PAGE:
Hootin'-tootin' bounty hunters have never been more predictable.
Growing up watching Clint Eastwood movies was something I truly enjoyed, but there is a serious lack of western-themed games being released these days. Outside of experiences like Red Dead Redemption, westerns have gone the way of the World War II shooter, taking a backseat to other genres, time periods, and themes. Boot Hill Bounties steals its way onto the Nintendo Switch and offers classic RPG gameplay and graphics with a spaghetti-western twist. Even though this is a pleasant return to the wild west, a lack of interesting mechanics and some noticeable bugs hamper an experience that otherwise would have been a decent JRPG.
Boot Hill Bounties is actually the second title in a planned trilogy, following the escapades of a group of bounty hunters from all walks of life. They cover all the tropes in this one, with a Native American warrior-woman, gruff cowboy, young buck, and foul-mouthed redhead. The story isn’t bad but doesn’t bring anything new to the plate that you haven’t seen in countless classic films from the 60s and 70s. A rogue Native American tribe, a crime syndicate led by a dandy boy, and more follow the strict guidelines of “how to make a western-themed story” while facing down a cast of unique bounty targets that also closely fit the bill of what you would expect. Dialogue can bring some humor at times, but otherwise, nothing super interesting is happening in this release.
In terms of classic RPGs and JRPGs, Boot Hill Bounties plays it safe and colors within the lines by following the oft-used conventions of other titles who did it better. Combat is a mix of real-time and turn-based action, with timers running for each skill the characters can use, and a point-spending system for stronger attacks. It isn’t satisfying or exciting, but random battles have been removed in place of physical opponents placed on the map that can be skirted, which is a plus when trying to avoid the grind that can hamper so many of these types of games. Equipment is generic and is simply used to plug-and-bump your stats, without much to get excited about. Even the more interesting systems like cooking, farming, and weapon customization are shallow at best, borrowing from other inspirations, but still not quite making enough of a change or improvement to top what has been done before.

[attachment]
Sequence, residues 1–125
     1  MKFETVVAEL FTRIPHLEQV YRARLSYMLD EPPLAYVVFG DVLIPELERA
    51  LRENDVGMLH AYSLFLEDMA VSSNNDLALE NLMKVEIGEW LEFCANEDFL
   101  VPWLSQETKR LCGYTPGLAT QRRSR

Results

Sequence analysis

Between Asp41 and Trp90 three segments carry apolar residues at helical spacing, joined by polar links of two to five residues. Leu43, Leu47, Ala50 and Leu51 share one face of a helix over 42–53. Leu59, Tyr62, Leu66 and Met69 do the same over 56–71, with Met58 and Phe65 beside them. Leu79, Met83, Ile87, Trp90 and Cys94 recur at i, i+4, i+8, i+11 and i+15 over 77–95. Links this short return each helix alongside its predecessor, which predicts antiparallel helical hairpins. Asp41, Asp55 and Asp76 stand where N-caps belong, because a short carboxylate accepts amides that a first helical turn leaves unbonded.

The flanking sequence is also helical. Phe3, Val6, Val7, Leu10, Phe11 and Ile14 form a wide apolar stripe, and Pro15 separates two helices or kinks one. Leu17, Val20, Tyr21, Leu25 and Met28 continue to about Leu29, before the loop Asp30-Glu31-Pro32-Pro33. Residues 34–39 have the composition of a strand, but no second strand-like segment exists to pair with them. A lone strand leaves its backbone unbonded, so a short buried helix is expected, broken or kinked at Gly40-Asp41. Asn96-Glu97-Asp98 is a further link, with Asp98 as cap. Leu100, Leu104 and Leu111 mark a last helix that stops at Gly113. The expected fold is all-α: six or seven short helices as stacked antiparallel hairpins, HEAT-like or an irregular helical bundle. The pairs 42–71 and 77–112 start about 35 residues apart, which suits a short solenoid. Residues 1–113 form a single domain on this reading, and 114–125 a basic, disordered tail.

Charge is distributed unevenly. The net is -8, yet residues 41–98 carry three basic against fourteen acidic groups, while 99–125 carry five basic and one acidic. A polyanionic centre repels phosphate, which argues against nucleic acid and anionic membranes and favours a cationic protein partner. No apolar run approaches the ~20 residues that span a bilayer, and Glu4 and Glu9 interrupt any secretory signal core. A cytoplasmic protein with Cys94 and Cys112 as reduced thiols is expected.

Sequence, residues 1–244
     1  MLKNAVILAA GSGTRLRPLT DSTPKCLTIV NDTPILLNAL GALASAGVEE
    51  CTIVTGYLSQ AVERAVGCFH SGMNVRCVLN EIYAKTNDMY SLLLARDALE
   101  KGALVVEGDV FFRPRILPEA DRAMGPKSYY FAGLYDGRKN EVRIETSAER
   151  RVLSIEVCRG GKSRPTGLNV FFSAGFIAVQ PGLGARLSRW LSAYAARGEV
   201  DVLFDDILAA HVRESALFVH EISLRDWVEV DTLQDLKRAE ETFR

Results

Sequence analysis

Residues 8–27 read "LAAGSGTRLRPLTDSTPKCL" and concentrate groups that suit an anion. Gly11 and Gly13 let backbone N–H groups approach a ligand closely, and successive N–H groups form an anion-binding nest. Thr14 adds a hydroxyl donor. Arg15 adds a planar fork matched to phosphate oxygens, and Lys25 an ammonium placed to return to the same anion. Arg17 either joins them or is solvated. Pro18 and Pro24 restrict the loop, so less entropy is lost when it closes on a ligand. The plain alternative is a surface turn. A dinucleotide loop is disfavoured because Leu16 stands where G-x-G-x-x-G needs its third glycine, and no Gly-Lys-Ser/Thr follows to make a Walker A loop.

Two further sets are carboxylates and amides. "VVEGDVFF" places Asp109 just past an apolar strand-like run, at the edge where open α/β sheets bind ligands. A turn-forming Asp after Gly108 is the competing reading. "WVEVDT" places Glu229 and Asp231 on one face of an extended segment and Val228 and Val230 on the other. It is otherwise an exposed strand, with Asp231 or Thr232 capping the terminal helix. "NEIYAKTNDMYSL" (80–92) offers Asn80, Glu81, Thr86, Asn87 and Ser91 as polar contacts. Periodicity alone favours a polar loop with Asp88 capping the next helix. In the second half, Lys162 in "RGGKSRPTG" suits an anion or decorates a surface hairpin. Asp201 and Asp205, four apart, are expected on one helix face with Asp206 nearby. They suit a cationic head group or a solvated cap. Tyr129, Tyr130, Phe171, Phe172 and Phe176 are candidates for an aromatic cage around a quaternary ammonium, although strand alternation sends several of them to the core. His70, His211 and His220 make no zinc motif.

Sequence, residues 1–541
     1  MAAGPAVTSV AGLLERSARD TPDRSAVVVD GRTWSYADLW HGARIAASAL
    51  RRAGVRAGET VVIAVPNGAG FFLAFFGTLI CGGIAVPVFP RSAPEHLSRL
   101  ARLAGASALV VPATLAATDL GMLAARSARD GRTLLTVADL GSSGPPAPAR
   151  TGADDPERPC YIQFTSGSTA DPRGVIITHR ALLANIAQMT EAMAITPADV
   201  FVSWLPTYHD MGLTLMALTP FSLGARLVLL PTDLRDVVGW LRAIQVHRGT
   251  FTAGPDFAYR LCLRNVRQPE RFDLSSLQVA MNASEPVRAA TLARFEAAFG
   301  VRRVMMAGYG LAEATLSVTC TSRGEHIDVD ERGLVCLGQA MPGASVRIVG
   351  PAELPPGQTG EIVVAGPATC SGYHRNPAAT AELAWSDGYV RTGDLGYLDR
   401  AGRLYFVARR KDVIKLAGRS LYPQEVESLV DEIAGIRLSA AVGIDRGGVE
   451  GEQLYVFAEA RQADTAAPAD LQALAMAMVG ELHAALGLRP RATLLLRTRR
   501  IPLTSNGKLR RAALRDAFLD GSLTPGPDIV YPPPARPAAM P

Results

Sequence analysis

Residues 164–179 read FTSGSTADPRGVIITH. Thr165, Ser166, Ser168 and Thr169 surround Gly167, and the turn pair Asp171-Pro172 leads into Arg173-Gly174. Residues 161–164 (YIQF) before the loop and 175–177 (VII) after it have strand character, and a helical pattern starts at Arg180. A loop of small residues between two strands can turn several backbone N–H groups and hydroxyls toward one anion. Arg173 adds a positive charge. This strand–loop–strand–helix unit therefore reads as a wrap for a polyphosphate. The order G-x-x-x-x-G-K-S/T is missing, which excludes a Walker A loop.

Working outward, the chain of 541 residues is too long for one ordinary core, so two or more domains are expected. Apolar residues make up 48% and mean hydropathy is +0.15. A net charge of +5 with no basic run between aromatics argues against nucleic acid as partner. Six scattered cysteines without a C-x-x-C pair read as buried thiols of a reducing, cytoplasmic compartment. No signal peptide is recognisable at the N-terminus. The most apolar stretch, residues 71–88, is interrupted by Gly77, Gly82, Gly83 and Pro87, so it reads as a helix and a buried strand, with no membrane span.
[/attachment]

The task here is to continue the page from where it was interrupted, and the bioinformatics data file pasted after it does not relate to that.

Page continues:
The game looks like what you would want from a title going for a Super Nintendo-esque look and gameplay feel. The pixel art is well-done and pretty detailed, and the soundtrack evokes those western vibes you would expect, but the presentation just isn’t enough to bring things home.
Bugs also take what is already a lackluster experience down another peg. Right off the bat, I encountered a bug in the opening tutorial where I accidentally clicked to end dialogue rather than doing what I was told to do, which caused the game to freeze on a never-ending load screen. I had to hard reset the game, which meant running through most of the tutorial again, but fortunately the bug didn’t reappear. Also, visual glitches occur regularly, where clipping through objects or popping from different screens back to the main navigation screen causes the lead character to blink in and out of existence for some reason. Besides that very first bug to start the game, nothing here hampered the experience heavily, but there is a clear need for further polish.
Boot Hill Bounties would be considered a serviceable JRPG without the bugs. The visual glitches are just out-of-place, but the progress-ending bug in the opening tutorial had me worried every time I would open a menu or click through dialogue that my playthrough would be ended prematurely. Given that the story, systems, and mechanics are so familiar, it’s a shame Boot Hill Bounties does nothing to make its versions unique or exciting outside of the trope-filled, spaghetti-western theme.